Four A-10C Thunderbolt IIs and two HH-60G Pave Hawks, part of American Air Contingent newly established at Air Clark Base in the Philippines, began first air and maritime situational awareness flight mission in the vicinity of Scaborough Shoal on April 19, according to a report by US Pacific Air Forces.
“The A-10s and HH-60s conducted a flying mission through international airspace in the vicinity of Scarborough Shoal west of the Philippines providing air and maritime situational awareness,” US Pacific Air Force said on April 21.
“Our job is to ensure air and sea domains remain open in accordance with international law. That is extremely important, international economics depends on it – free trade depends on our ability to move goods,” said Colonel Larry Card, Commander of the Air Contingent. “There’s no nation right now whose economy does not depend on the well-being of the economy of other nations.”
“Interoperability with the Philippine military is at the forefront of our mission,” Card said. “The standup of the Air Contingent promotes this collective focus as we build upon our already strong alliance, and reaffirm our commitment to the Indo-Asia-Pacific region.”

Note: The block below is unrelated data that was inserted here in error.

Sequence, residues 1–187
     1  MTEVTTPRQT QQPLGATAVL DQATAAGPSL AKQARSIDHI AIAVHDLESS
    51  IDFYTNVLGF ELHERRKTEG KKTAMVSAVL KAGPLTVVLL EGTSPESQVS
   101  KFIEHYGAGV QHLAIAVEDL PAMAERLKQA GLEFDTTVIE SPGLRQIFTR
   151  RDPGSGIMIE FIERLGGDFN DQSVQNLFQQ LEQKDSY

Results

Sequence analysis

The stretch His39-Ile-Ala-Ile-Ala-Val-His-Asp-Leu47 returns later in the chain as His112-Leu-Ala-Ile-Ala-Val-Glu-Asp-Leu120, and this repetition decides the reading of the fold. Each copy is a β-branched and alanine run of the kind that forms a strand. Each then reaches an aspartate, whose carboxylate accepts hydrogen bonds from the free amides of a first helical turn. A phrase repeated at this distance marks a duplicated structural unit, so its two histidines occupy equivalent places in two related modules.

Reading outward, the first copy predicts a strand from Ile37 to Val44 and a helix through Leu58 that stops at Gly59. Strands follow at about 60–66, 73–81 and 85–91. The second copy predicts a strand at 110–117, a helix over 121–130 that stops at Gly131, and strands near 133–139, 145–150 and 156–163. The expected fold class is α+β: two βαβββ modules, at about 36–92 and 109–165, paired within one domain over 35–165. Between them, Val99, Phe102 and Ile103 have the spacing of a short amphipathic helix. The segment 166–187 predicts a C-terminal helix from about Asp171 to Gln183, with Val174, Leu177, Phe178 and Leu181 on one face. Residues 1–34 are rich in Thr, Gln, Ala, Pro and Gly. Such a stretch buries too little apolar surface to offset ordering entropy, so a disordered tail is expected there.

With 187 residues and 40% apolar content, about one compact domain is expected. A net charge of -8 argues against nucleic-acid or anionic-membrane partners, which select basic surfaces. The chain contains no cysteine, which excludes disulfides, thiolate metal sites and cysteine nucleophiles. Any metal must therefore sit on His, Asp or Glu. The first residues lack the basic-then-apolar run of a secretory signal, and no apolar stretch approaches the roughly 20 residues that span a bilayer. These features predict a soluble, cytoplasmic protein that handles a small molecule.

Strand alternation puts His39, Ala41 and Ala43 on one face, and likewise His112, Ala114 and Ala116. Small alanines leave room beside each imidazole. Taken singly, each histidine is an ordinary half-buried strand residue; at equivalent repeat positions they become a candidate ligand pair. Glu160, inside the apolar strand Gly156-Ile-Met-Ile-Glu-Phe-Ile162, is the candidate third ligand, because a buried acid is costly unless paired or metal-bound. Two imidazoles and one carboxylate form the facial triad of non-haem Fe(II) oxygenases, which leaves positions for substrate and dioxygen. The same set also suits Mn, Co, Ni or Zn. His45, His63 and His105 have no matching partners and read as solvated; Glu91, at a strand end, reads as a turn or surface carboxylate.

According to the US Embassy in Manila the deployed aircraft would conduct operations such as “air and maritime domain awareness, personnel recovery, combating piracy, and helping to assure that all nations have access to air and sea domains throughout the region in accordance with international law.”
Also on April 21, in response to a question regarding the U.S. announcement of joint patrols with the Philippines in the South China Sea, Vietnam’s Foreign Ministry spokesman Le Hai Binh said: “Maintaining peace, stability, security, maritime and aviation safety in the South China Sea is the common interest and responsibility of all countries in the region and beyond. Therefore, efforts by all parties towards this common goal are welcomed”, according to Vietnam’s state media report, translated by South China Sea Research staff.
The original transcript of Binh’s statement, however, has not yet been published on the website of Vietnam’s Foreign Ministry.